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 Table of Contents    
Year : 2015  |  Volume : 5  |  Issue : 1  |  Page : 1
Dental ethics education: A responsibility of an academician

Department of Oral Pathology and Microbiology, Sri Ramachandra University, Chennai, Tamil Nadu, India

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Date of Web Publication3-Mar-2016

How to cite this article:
Malathi N. Dental ethics education: A responsibility of an academician. J Educ Ethics Dent 2015;5:1

How to cite this URL:
Malathi N. Dental ethics education: A responsibility of an academician. J Educ Ethics Dent [serial online] 2015 [cited 2023 Dec 8];5:1. Available from: https://www.jeed.in/text.asp?2015/5/1/1/178015

Dental professionals are answerable to their patients and the community as a whole and are responsible for any misconduct or malpractice. Bioethics refers to the application of ethical principles in situations that are common to health-care professionals. Although bioethics is an emergent field; the concept is as old as the Hippocratic Oath, a code of dental ethics that is stated by the American Dental Association (ADA). Ethics in dentistry can be divided into two categories, namely professional ethics and research ethics. The basic principles of ethics in dental profession include patient economy, non-maleficence, beneficence, justice, and veracity. Research is an integral part of any profession hence every dental institution should constitute an Institutional Ethical Committee/Institutional Review Board to govern the ethical principles involved in dental research.

Regulatory boards have laid down specific rules of conduct relating to the profession to oversee the practice of health-care professionals and for responsible conduct of research. Although several ethical guidelines have been laid down, ethical misconduct and dilemma in decision-making continues to prevail in our country due to the lack of awareness. [1],[2]

Ethical issues in publication is yet another challenge. One of the major problems encountered in the preparation of a manuscript is plagiarism. Though several softwares are available online to detect the same, lack of awareness and knowledge often leads to copyright and fraudulent issues. Hence, this concept should be taught to the undergraduates through lectures and workshops. In addition, every institution should constitute a regulatory board to oversee plagiarism in every manuscript being published in various national and international journals.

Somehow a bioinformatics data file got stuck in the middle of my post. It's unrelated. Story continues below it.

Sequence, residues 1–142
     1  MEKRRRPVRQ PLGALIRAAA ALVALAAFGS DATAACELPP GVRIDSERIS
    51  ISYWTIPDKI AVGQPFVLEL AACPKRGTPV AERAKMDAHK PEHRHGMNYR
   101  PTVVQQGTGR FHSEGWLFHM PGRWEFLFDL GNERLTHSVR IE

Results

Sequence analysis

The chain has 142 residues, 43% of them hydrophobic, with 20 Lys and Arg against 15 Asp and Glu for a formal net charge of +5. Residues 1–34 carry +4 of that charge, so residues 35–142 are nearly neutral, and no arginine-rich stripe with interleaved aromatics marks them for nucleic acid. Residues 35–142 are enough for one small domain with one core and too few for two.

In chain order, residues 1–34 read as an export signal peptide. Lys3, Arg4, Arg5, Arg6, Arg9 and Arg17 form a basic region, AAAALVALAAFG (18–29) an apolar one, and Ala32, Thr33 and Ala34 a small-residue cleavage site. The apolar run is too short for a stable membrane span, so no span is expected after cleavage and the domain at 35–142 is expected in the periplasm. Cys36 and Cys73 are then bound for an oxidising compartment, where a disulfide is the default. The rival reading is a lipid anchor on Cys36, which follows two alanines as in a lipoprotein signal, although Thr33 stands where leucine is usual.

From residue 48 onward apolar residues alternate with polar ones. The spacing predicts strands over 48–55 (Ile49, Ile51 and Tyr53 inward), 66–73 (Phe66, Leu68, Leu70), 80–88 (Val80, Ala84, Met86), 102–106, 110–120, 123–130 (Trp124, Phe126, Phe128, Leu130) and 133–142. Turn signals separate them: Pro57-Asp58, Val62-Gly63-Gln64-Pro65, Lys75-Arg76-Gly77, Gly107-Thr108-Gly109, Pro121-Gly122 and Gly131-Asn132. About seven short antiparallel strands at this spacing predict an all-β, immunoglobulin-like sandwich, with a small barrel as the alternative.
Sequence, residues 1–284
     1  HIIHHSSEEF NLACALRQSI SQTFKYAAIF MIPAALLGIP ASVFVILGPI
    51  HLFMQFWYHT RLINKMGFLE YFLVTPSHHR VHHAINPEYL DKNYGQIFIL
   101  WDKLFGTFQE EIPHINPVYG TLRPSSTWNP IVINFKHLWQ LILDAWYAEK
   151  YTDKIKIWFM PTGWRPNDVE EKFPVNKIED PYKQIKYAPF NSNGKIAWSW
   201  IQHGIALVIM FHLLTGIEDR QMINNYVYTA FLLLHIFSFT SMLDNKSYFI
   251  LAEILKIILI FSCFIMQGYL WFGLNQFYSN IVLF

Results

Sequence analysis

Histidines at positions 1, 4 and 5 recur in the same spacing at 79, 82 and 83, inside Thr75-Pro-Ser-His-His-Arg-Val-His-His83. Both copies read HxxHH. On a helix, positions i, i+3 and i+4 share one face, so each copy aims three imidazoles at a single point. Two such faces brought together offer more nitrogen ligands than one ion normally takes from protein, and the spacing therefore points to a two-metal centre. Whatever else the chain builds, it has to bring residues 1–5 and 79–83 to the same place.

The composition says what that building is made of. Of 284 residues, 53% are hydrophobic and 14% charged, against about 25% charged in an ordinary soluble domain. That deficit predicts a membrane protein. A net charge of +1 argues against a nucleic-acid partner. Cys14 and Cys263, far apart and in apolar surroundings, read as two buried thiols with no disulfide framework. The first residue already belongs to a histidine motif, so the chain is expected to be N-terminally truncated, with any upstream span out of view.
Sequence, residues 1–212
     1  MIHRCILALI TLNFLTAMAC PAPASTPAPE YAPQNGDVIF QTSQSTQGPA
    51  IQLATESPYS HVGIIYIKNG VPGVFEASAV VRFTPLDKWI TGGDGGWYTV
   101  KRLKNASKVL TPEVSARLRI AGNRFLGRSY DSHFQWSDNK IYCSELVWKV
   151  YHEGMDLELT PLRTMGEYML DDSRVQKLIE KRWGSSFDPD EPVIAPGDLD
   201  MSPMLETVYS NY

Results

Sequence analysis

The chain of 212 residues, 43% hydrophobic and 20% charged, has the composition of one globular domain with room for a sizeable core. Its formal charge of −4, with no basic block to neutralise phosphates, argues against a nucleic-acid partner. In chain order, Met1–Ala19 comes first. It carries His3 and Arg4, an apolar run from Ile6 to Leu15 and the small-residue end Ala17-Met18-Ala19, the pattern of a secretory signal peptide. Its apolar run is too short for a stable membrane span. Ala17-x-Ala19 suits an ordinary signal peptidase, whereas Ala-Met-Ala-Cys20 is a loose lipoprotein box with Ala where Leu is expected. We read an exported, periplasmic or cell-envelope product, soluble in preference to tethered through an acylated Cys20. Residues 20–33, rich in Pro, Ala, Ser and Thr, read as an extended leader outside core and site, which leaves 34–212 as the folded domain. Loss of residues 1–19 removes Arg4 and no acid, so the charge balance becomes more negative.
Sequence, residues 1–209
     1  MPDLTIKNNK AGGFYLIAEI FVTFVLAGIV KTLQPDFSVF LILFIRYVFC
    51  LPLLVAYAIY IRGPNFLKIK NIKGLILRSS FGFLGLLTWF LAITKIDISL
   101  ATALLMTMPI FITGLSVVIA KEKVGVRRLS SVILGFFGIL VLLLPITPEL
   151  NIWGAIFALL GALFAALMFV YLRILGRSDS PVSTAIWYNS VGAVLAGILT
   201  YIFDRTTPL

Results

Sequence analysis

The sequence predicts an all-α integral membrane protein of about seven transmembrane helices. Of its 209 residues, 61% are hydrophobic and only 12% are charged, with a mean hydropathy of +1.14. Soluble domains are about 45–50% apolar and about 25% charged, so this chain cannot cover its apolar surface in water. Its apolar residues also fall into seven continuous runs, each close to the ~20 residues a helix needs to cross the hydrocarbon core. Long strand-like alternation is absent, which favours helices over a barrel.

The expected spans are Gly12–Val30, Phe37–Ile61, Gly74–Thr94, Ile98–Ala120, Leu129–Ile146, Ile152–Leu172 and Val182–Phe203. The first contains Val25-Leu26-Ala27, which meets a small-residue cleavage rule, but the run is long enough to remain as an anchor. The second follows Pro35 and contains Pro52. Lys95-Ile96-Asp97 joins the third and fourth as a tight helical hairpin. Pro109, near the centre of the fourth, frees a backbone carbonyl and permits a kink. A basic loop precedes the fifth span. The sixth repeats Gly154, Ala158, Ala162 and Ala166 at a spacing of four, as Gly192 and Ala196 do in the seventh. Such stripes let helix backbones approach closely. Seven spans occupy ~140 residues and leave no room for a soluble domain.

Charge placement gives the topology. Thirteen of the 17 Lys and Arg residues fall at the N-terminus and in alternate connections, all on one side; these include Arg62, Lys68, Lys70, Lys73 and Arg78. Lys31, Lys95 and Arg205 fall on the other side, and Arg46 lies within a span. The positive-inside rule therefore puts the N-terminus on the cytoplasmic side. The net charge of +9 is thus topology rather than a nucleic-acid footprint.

In this context, ethics education should be recognized to serve as a solution for professional challenges and to avoid ethical misconduct. Dental ethics education should be an integral aspect of training dental professionals at the undergraduate level. Dental students pursuing research can be advised to undergo training in the area of research, ethics and methodology. Several online courses such as CITI India program (www.citiprogram.org) are available for the same. In addition, the courses in dental ethics offered by Continuing Dental Education Programs can be taken up by the dental professionals to gain knowledge for the ethical clinical practice.

Thus, dental education should instill ethical values in students modeled by the institution so that the future of dentistry in India would be upheld. The inclusion of guidelines for ethics in dentistry and research in detail in the curriculum for undergraduate dental students is the need of the hour. The curriculum should be formulated in a way that it cultivates an introspective orientation to the dental profession. [3] This can be done through integrated teaching such as case-based lectures. Every dentist-scientist should not only follow the ethical principles but also set himself/herself as an epitome to the next generation so that no ethical misconduct occurs in the future.

   References Top

Sabarinath B, Sivapathasundharam B. Ethics in dentistry. J Educ Ethics Dent 2011;1:24-7.  Back to cited text no. 1
  Medknow Journal  
Deolia SG, Prasad K, Chhabra KG, Kalyanpur R, Kalghatgi S. An insight into research ethics among dental professionals in a dental institute, India- A pilot study. J Clin Diagn Res 2014;8:ZC11-4.  Back to cited text no. 2
Bertolami CN. Why our ethics curricula don′t work. J Dent Educ 2004;68:414-25.  Back to cited text no. 3

Correspondence Address:
Narasimhan Malathi
Department of Oral Pathology and Microbiology, Faculty of Dental Sciences, Sri Ramachandra University, Chennai, Tamil Nadu
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Source of Support: None, Conflict of Interest: None

DOI: 10.4103/0974-7761.178015

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